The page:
Faith, Running, and 2020
Updated: Jan 27, 2021
In the fall of 2000, my wife and I were living in the beautiful city of Boulder, where I was enrolled in a doctoral degree at the University of Colorado. If you’ve ever been to Boulder, you know it’s an “outdoor” city. Everyone, and I mean EVERYONE, enjoys being outdoors. At any given moment of any given day, you’ll find countless runners, bikers, and hikers all over town. It’s truly remarkable.
Well, it wasn’t too long before I became captivated by the Boulder lifestyle, and decided that I’d join the fun and become a runner. It’s a gross understatement to say I fell in love with running. It’s more accurate to say I became madly, obsessively, and irrevocably addicted to it. And, as a natural by-product of my newfound passion, my physical health began to radically improve. In fact, I distinctly remember telling my wife that, “Before I started running, I thought I felt good. Now, I know what feeling good really means!”
That statement was true. Before I started running, I felt fine, but I just didn’t realize how good I could feel until I started adding some exercise to my daily routine.
What does all of this have to do with 2020?
If you’d asked me prior to 2020 if I trusted God, I would have most certainly answered, “Yes, of course I trust Him.” And, I would’ve meant it. But then 2020 arrived, and finally, after 45 years of life, I started to learn what trusting God really means.
2020 was a rough year for me, as I’m sure it was for you. Like so many folks in the world, I suffered job loss (twice!), and I stood by helplessly as the publishing industry, an industry I love dearly and have built my life around, collapsed before my very eyes. To add insult to injury, my mom was diagnosed with a particularly dangerous form of cancer. At times, it felt like more than I could bear.
(I hasten to add that my struggles were, and are, relatively small compared to what others have gone through. Some folks have suffered much worse than I have during this pandemic.)
As 2020 progressed, however, I found myself leaning on the Lord more and more, until, at last, I realized He was all I had to lean on. He is, in fact, all we ever have to lean on, whether we know it or not. Some of us, myself included, are sometimes a little slow in learning that truth.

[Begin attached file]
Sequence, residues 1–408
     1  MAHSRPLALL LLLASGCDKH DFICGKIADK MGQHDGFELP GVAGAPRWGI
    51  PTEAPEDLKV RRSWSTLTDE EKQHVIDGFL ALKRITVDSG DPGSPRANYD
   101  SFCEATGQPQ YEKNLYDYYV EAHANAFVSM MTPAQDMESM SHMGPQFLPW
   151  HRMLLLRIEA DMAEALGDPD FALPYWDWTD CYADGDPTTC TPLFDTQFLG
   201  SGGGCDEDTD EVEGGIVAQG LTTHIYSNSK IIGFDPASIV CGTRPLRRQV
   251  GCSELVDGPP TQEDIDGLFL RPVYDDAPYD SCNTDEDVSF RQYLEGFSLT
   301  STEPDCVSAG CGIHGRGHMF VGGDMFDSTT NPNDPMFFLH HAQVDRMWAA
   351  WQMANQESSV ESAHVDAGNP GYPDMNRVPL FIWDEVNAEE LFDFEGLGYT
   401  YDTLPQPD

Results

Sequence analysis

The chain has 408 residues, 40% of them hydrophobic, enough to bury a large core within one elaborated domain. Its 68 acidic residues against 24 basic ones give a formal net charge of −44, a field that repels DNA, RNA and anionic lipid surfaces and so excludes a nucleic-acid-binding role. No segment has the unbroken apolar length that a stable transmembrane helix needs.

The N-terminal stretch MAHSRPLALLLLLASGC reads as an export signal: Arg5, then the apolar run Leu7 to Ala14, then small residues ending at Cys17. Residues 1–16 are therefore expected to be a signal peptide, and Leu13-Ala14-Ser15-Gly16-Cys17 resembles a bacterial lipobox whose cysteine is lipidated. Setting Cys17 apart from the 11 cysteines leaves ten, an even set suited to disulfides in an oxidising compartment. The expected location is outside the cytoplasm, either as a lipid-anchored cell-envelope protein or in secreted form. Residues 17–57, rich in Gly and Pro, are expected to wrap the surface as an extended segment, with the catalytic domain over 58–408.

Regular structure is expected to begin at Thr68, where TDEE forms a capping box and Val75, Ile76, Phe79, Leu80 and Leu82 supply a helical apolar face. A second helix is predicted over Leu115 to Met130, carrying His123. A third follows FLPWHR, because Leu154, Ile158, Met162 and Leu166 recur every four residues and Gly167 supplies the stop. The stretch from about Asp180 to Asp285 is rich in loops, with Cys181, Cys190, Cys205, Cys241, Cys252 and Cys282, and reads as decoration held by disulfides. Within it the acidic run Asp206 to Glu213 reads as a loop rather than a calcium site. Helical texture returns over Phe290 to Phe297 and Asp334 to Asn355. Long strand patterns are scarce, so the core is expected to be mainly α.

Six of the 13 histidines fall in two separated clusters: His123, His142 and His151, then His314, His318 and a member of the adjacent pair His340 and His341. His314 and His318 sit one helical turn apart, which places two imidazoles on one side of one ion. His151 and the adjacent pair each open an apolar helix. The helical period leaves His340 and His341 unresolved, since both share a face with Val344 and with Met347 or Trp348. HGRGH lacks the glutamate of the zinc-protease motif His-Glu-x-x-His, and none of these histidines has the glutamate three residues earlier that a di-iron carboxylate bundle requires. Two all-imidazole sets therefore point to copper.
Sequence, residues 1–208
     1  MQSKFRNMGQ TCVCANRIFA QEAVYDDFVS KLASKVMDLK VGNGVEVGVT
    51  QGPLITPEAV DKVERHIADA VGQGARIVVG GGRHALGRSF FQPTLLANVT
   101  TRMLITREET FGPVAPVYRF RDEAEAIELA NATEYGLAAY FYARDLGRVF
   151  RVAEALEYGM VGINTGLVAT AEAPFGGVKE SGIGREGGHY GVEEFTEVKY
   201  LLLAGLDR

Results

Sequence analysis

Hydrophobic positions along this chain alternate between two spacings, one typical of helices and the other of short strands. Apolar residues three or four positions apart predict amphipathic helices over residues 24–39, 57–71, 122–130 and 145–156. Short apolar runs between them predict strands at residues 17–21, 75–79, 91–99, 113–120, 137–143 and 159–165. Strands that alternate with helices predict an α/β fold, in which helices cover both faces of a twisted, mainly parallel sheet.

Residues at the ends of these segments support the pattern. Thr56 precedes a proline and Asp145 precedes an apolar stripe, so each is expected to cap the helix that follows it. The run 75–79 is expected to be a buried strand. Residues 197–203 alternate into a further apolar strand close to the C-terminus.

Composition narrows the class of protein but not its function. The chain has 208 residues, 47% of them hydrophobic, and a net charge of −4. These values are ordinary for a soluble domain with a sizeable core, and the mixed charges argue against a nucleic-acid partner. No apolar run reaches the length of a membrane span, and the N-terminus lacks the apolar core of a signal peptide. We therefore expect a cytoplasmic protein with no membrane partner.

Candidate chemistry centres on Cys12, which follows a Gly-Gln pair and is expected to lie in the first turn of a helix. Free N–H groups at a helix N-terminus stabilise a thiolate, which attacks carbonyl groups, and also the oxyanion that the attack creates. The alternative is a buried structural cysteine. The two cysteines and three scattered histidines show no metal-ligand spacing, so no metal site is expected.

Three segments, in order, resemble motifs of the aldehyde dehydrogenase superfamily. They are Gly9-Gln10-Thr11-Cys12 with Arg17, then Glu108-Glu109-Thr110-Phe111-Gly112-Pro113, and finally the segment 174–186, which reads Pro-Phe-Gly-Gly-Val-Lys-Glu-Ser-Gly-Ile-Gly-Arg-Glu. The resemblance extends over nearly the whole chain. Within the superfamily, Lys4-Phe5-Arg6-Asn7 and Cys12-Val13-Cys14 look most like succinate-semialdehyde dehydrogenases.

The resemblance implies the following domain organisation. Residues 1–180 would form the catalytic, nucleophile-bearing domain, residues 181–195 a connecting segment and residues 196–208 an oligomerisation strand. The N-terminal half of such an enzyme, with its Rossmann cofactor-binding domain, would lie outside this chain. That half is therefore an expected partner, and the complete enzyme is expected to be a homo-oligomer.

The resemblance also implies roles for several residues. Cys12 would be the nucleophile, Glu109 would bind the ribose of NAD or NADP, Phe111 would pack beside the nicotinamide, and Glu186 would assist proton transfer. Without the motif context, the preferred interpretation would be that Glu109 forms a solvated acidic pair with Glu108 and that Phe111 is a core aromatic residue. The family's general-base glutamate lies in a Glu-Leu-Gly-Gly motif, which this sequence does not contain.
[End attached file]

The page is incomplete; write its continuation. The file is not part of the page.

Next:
As I started to rely deeply on Jesus, He started teaching me things: things about Him, things about me, and things about the way I relate to Him, and to others. Some things were lessons I once knew, but had somehow forgotten, and other things were lessons brand new to me. He’s taught me way too much over the past twelve months to recount here. And, besides, most of it is too personal for me to ever feel comfortable sharing. Suffice it to say that, somehow, I've been changed. I’m no longer the same person.
Similar to the statement I made to my wife years ago, after I first started running, today I can say, “Before 2020, I thought I trusted God. Now, I know what trusting God really means!”
And, it’s humbling to realize we never, in this life at least, arrive at a perfect faith, a perfect trust. One year from now, I might very well look back and say to myself, “Wow. I only thought I knew how to trust God in 2021.”
Of course, all of this talk of trusting God really won’t resonate with you until you’ve placed your faith in Christ. In fact, nothing in the Christian life will make too much sense until your relationship with Him is right. Fortunately, the Bible tells us how this can happen, and, as it turns out, it’s surprisingly simple.
In Matthew 11:28 (NLT), Jesus says, “Come to me, all of you who are weary and carry heavy burdens, and I will give you rest.” In John 6:37, He promises to receive us when we come to Him, and, in Romans 10:13, He promises to save us when we ask. If you aren’t familiar with those three verses, look them up. They’re worth checking out.
Finally, let me conclude by saying that I never became a good runner. I am proud to report that I did become a reasonably slow jogger. One of the things I’ve learned about myself is that I wasn't made to move fast. When I run at a pace of 10 minutes per mile, I feel like I’m killing it.
Also, I traded running in the beautiful, crisp, mountain air of Colorado for running in the Texas heat. However, this isn’t such a bad thing. I'm convinced that running underneath the hot Texas sun produces good character, as well as a lovable disposition. To be honest, I’m not really sure what that last part about a “lovable disposition” means, but I thought I’d throw it in anyway.
Thanks for reading.